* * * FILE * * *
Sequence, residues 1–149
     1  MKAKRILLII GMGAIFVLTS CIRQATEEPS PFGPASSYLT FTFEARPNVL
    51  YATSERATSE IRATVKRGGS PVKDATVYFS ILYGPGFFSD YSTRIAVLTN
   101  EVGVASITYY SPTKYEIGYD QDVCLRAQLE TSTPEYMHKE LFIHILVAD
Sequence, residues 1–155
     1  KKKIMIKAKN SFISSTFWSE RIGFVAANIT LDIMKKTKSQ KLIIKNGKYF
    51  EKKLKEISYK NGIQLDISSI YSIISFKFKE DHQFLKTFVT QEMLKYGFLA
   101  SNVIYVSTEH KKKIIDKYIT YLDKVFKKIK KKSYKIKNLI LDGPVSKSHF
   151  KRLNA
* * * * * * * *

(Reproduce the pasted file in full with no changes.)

Sequence, residues 1–149
     1  MKAKRILLII GMGAIFVLTS CIRQATEEPS PFGPASSYLT FTFEARPNVL
    51  YATSERATSE IRATVKRGGS PVKDATVYFS ILYGPGFFSD YSTRIAVLTN
   101  EVGVASITYY SPTKYEIGYD QDVCLRAQLE TSTPEYMHKE LFIHILVAD
Sequence, residues 1–155
     1  KKKIMIKAKN SFISSTFWSE RIGFVAANIT LDIMKKTKSQ KLIIKNGKYF
    51  EKKLKEISYK NGIQLDISSI YSIISFKFKE DHQFLKTFVT QEMLKYGFLA
   101  SNVIYVSTEH KKKIIDKYIT YLDKVFKKIK KKSYKIKNLI LDGPVSKSHF
   151  KRLNA